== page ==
Adjusting prices in the way you describe is really difficult to do without causing some other problem.
Prices emerge from all interactions between buyers and sellers in a market for a particular good or service. The price contains information about the supply and demand of that good or service that is not obtainable in any other way.
When the government messes with prices, people stop making decisions based upon how scarce something actually is and instead make decisions based on how scarce the government imagines how scarce the thing ought to be. The resulting changes in behavior are really, really hard to predict in advance.
You used water as an example...
If a single shower starts costing you $1, you'd surely be willing to invest in a more efficient showerhead completely voluntarily.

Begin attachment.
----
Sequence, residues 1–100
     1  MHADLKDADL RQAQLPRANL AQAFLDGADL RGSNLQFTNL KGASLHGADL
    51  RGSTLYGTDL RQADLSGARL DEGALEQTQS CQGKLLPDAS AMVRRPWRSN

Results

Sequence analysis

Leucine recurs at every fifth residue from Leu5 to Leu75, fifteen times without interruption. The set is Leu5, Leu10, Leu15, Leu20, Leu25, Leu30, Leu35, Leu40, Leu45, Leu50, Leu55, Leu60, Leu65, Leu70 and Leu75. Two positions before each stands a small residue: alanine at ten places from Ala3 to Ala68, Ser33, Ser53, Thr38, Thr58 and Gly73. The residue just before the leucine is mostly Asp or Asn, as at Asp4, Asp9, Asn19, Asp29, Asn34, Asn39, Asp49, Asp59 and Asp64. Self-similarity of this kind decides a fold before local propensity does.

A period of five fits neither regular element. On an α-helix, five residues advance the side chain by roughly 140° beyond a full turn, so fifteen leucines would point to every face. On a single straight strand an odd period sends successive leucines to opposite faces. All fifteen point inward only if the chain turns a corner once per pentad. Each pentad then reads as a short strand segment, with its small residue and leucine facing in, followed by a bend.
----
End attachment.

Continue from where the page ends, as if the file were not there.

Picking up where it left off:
Not necessarily at all. $1 shower would require very expensive water. At that price, I might forgo showering entirely. Maybe I'll be concerned if the price of water is that high, that it might not be available when I really need it, so I'll start stockpiling jugs of water in my basement, and end up using more water than I would have taking a shower at the market price. I dunno because it's hard to imagine and our imagination cannot be based on reality, because the act of taxing in this way is a deliberate decision to ignore reality.
The market for many commodities also extends beyond the boundaries of a single polity. Suppose in Country A, the price of a shower is $1, but in Country B, the price is the market price. Except, people in Country A may be using less water, so the supply of water will be greater than it otherwise would be, reducing the price in Country B, whose citizens would then act as though water more plentiful than it would be.
This is hard to figure out and plan. It is easier to tell people to use less and institute social stigma than it is to pick a socially optimal price that will do that just right.